Watch the eclipse; step into the past

NASA // Special to Western News

The Hinode Satellite captured this image of a solar eclipse on Jan. 6, 2011. As a much-anticipated solar eclipse will sweep across North America on Monday.

As a much-anticipated solar eclipse prepares to sweep across North America, members of the London community are invited to Western’s campus where they will have an opportunity not only to view this periodic cosmic showcase, but to experience the event as an historical moment that ties into Canada’s history and sesquicentennial celebration.

To the eyes of observers in London on Monday afternoon, the moon will cover up to 75 per cent of the sun. The event will last three hours.

“Eclipses themselves are not terribly important scientifically these days,” said Astronomy professor Jan Cami, Director of the Cronyn Observatory and Associate Director of the Centre for Planetary Science and Exploration (CPSX) at Western.

“But total eclipses are the only way to study the inner solar corona from the ground. Precise eclipse timings can be used to get better maps of the moon’s surface. Most importantly, they are amazing experiences to share with family and friends.”

Western’s Department of Physics and Astronomy and CPSX, along with the London Centre of the Royal Astronomical Society of Canada with support from the London Heritage Council and City of London, are hosting a free and informative opportunity to observe the eclipse.

Starting at 1 p.m. Monday, interested viewers can stop by University College Hill for a safe viewing experience. Visitors can look through telescopes with professional filters (including a special solar telescope), see various ways to safely project the sun’s image, and they can watch a live-stream from the path of totality in the United States.

At 1:07 p.m., the moon will start moving in front of the sun. At first, it will appear as if the moon is ‘taking a bite’ out of it. That bite will grow bigger, until 2:30 p.m., when about three-quarters of the sun will be covered by the moon. Soon afterward, the eclipse will start to reverse. Gradually, more and more of the sun will become exposed until the event concludes by 3:48 p.m.

This slideshow requires JavaScript.

Community members who come to Western to experience the eclipse will also be able to tour a newly designed 1967 period room in the Cronyn Observatory, designed by Mark Tovey, a postdoctoral fellow in History and CPSX. With support from a Canada 150 grant and a grant from the London Heritage Council, the period room was designed to commemorate Canada’s sesquicentennial celebration. It also offers a historical connection to community members who visit campus to observe the eclipse, Tovey noted.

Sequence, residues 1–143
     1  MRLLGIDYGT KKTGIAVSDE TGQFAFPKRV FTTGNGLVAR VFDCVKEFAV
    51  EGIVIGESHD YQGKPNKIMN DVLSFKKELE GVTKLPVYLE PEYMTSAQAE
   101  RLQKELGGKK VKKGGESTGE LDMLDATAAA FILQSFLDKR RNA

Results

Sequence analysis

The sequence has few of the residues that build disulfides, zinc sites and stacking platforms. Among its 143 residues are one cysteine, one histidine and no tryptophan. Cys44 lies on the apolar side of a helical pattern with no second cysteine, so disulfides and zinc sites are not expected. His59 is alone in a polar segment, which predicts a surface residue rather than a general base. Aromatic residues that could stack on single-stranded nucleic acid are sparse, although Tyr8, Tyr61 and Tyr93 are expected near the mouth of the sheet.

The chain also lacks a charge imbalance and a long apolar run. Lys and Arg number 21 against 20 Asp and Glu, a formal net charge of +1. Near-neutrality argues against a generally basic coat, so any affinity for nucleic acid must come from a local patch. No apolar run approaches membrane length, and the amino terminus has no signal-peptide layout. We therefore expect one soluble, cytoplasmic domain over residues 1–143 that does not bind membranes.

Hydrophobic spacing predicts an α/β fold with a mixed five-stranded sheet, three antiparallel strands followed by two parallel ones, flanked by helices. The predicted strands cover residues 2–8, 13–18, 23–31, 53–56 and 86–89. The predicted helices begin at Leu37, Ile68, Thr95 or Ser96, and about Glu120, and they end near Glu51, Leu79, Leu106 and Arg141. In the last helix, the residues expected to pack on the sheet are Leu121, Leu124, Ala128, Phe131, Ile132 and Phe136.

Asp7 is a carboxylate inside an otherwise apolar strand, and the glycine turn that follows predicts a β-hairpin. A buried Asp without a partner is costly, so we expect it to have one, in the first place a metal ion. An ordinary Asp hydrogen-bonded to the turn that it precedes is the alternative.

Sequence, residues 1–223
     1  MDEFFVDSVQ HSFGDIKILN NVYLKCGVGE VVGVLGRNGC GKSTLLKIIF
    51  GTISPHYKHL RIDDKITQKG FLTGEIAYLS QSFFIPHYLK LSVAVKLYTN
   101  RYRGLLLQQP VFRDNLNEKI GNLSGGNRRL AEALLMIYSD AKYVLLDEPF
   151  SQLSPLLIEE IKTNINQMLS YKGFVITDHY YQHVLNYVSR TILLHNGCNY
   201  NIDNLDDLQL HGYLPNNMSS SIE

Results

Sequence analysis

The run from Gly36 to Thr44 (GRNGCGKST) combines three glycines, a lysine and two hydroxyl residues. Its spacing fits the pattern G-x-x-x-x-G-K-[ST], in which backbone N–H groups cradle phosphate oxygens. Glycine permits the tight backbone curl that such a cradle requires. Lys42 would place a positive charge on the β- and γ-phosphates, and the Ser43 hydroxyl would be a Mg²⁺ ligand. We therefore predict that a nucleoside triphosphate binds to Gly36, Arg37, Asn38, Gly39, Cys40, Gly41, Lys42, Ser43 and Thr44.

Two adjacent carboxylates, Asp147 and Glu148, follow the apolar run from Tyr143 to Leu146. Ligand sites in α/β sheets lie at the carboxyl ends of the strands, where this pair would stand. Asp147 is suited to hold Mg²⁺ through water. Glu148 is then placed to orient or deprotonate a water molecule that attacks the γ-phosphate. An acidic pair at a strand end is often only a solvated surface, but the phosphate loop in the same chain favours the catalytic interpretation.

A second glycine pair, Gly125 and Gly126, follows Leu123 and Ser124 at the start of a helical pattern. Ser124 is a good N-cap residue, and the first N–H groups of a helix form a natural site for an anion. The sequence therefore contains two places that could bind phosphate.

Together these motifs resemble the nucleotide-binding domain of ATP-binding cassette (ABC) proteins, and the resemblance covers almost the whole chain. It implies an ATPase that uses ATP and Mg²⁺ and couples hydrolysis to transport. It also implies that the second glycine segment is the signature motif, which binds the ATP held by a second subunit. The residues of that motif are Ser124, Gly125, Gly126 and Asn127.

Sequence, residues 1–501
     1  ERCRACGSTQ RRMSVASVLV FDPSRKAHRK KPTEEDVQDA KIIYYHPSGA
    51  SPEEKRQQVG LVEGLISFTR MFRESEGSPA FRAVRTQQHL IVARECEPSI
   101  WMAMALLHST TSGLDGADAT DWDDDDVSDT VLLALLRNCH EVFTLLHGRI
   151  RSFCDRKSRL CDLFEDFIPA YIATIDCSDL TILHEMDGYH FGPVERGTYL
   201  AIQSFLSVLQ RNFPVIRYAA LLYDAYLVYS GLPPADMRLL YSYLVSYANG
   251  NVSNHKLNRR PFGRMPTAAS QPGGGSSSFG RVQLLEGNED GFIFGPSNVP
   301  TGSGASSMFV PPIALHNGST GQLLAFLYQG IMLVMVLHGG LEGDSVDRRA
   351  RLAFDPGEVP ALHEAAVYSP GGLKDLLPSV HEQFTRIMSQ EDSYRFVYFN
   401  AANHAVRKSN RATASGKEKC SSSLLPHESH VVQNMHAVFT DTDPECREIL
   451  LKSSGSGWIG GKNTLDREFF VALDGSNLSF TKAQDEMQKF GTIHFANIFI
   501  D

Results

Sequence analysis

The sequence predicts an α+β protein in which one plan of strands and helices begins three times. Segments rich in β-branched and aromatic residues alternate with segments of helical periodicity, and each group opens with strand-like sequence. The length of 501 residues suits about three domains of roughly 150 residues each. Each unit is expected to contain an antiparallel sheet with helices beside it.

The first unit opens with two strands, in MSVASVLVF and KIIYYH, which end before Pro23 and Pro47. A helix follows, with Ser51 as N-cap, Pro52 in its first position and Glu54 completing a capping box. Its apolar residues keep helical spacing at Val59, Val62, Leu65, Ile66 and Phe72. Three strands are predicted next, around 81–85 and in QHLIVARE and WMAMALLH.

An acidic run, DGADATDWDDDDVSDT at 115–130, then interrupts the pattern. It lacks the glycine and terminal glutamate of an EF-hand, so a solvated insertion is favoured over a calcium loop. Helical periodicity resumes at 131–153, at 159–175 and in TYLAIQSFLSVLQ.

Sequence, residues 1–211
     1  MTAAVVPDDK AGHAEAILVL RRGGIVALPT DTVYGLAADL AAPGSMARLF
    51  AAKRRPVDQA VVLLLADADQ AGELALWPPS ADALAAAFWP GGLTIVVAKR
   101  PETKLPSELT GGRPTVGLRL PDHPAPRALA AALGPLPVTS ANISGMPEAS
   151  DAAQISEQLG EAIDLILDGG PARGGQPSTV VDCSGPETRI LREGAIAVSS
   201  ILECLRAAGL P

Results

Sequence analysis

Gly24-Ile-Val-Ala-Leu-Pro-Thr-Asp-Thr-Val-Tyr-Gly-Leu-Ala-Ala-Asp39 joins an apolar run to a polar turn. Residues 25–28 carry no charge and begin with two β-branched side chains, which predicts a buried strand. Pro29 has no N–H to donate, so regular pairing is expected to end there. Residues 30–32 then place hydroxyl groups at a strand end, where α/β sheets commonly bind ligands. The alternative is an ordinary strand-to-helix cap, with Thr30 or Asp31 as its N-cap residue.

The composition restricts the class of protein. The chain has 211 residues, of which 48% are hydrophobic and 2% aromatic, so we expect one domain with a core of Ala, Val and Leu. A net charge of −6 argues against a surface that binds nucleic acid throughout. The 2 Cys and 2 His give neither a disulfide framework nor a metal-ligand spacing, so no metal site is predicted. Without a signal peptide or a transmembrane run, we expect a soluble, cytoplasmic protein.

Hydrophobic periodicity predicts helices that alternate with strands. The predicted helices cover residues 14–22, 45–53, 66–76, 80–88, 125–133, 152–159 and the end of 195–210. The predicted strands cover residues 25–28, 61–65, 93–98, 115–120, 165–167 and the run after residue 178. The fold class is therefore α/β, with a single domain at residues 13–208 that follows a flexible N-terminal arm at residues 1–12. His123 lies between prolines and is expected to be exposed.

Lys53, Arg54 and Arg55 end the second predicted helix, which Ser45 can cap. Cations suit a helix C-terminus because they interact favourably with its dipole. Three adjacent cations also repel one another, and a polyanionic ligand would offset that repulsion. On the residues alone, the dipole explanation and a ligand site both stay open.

“A couple of years ago, I designed a 1940s period room in the observatory for (its) 75th anniversary. That room proved to be so popular that it was made into a permanent exhibit. It allows visitors to imagine what it might have been like to step into observatory director H.R. Kingston’s office on Oct. 25th, 1940, when the observatory opened. The new 1967 period room is designed to give visitors the experience of being in the control room of a research observatory circa 1967. The aim is to evoke ‘what the future used to be like,’” he explained.

The 1960s period room is modelled on photographs of Western’s Elginfield Observatory Control Room from the late 1960s and early 1970s and many of the artifacts in the exhibit are originals from Elginfield.

“It gives us a way of celebrating the sesquicentennial, to highlight (history) and make use of some of the equipment that otherwise would never get used again. We are able to highlight the way some things were done back in the day, and to highlight some of the contributions of Canadian astronomers over the last 150 years as well as some of the Canadian institutes that have grown up to help us better understand the universe,” Tovey added.

“Period rooms tend to be really popular with the public; people like that sense of stepping into a space and feeling like they’re back in time. I’m a postdoc in History and CPSX and that gives me a unique vantage point on how to look at the intersection between public history and public astronomy. This combines those two in a unique way and I’m constantly looking at ways to bring public history and public astronomy together.”

Busy on Monday? Don’t worry if you can’t make this eclipse. Mark your calendars for April 8, 2024. That’s when there will be a total solar eclipse nearby – Londoners will only have to travel to St. Thomas, Hamilton or somewhere in between, to see it firsthand. Those who stay in London that day will experience a 97 per cent partial eclipse, but will miss out on 100 per cent of the total eclipse experience.